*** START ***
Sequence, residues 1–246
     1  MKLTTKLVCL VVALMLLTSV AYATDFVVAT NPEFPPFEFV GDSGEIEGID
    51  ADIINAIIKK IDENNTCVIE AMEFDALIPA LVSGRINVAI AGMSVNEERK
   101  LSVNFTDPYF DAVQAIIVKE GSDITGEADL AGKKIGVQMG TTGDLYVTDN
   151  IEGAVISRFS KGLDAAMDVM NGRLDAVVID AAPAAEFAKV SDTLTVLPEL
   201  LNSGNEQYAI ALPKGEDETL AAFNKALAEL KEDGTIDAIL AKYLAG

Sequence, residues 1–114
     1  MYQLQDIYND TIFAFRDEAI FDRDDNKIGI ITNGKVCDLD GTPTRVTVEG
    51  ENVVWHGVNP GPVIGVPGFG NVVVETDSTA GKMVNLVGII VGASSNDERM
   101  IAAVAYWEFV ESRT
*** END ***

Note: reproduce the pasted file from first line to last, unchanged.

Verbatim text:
Sequence, residues 1–246
     1  MKLTTKLVCL VVALMLLTSV AYATDFVVAT NPEFPPFEFV GDSGEIEGID
    51  ADIINAIIKK IDENNTCVIE AMEFDALIPA LVSGRINVAI AGMSVNEERK
   101  LSVNFTDPYF DAVQAIIVKE GSDITGEADL AGKKIGVQMG TTGDLYVTDN
   151  IEGAVISRFS KGLDAAMDVM NGRLDAVVID AAPAAEFAKV SDTLTVLPEL
   201  LNSGNEQYAI ALPKGEDETL AAFNKALAEL KEDGTIDAIL AKYLAG

Sequence, residues 1–114
     1  MYQLQDIYND TIFAFRDEAI FDRDDNKIGI ITNGKVCDLD GTPTRVTVEG
    51  ENVVWHGVNP GPVIGVPGFG NVVVETDSTA GKMVNLVGII VGASSNDERM
   101  IAAVAYWEFV ESRT